Tedium

9.6.19

The Many Ways Planned Obsolescence Is Sabotaging How We Preserve Internet History

We keep screwing over yesterday’s technology due to an intent focus on what we’re doing today. The problem of planned obsolescence is only getting worse.

8.19.19

The First iPhone Was a Landline

Before the smartphone fit in your bag, it sat on your desk—and sometimes, it was even called an iPhone. Let’s check out a few landline smartphones.

8.7.19

What Happened to Gateway, the Cow Computer Company?

Thinking about the globalization of the computer industry through the story of Gateway.

7.30.19

Mechanical Keyboards Are Thriving Because Apple and Microsoft Don't Make Them

Mechanical keyboards have become hip again, despite near-complete disinterest in the form by mainstream computer-makers. The little guy is picking up the slack.

6.6.19

The PC of Your Dreams Might be Hiding in a Company’s Surplus Bin

The charm of buying old workstation hardware on the cheap to support your modern computing needs. If it doesn’t work for them, it might just work for you.

3.18.19

Is Adobe’s Creative Cloud Too Powerful for Its Own Good?

Why the creative software giant Adobe deserves a place in the broader discussion of breaking up tech giants like Facebook and Google. It’s not just Photoshop.

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2.25.19

The Joystick Artisan

From the arcades to the living room, how the controller has evolved—and why one tech historian, Benj Edwards, started building his own.

2.19.19

Are Hackintosh Users More Passionate About the Mac Than Apple?

The Hackintosh has become a phenomenon in recent years, despite knotty ethical questions, because Apple’s neglected superfans won’t stop thinking different.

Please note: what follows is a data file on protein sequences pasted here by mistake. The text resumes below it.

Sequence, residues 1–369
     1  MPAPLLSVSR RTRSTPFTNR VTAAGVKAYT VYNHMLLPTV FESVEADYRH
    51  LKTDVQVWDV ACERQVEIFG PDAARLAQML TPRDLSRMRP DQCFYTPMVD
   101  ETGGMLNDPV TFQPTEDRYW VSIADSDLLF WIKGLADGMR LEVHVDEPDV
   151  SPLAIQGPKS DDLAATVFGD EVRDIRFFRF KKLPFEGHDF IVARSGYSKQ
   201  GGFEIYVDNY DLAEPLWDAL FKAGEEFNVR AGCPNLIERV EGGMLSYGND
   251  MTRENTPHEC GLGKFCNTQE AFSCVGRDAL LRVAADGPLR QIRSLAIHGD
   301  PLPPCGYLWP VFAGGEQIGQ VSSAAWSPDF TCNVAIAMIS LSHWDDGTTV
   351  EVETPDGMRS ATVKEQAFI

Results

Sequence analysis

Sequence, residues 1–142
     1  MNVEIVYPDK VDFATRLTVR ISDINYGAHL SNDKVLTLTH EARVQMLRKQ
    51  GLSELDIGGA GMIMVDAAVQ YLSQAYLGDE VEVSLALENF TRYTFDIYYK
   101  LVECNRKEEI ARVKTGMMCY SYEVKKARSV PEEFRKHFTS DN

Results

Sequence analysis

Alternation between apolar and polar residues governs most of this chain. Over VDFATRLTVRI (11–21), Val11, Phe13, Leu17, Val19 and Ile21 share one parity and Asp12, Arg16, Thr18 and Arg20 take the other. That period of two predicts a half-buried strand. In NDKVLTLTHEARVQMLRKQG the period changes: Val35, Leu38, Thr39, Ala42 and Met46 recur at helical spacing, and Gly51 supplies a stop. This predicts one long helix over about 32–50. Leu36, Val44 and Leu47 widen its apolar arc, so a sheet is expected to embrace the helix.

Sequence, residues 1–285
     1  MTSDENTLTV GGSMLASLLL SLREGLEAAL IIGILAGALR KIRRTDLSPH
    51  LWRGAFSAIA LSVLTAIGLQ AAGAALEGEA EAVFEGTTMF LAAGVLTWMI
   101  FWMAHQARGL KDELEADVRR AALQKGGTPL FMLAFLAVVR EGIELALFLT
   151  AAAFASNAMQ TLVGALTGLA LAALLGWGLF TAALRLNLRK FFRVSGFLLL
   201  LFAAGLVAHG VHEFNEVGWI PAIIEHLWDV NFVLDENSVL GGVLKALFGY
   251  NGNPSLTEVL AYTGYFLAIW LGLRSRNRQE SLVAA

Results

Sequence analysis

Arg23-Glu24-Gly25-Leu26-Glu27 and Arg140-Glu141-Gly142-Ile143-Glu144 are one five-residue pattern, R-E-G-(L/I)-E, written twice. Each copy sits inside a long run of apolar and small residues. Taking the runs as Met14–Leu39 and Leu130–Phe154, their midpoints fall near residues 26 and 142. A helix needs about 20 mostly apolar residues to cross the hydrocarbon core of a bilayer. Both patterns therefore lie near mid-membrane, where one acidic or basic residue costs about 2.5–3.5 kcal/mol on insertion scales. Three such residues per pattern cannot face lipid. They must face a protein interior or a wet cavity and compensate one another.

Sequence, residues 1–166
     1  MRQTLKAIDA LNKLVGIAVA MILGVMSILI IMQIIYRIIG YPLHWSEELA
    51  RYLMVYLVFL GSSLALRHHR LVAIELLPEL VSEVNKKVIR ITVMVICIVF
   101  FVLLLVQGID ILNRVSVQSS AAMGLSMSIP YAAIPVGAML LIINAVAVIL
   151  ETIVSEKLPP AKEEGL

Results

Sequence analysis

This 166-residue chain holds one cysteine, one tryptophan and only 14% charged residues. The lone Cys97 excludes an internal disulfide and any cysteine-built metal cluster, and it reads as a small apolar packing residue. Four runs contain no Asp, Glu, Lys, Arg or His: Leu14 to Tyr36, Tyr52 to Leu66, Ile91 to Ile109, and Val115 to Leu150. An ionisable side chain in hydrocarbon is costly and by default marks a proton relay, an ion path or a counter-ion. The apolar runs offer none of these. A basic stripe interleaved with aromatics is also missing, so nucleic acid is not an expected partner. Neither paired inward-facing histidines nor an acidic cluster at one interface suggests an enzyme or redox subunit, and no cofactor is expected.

9.14.18

Close Your Browser Tabs. You Won’t Miss Them.

A case in favor of browser tab minimalism, or closing the tabs you’re not using. Sometimes, information overload has its limits.

6.18.18

How Robotic Arms Defined the Industrial Revolution

The evolution of the robotic arm, a product invented in the US that came to define modern factories around the world. It wasn't an easy sell in America.

6.12.18

The First Portable Computers Were the Size of an RV

Why the first 'portable' computers, produced before integrated circuits, would really stretch the term today. Some portables needed a truck to move.

5.21.18

How the Clapper Came to Define Modern Home Automation

The Clapper was in the same category—and owned by the same guy—as the Chia Pet. Nonetheless, the somewhat primitive device introduced millions of people to the idea of simple home automation. Would we have Alexa without it?

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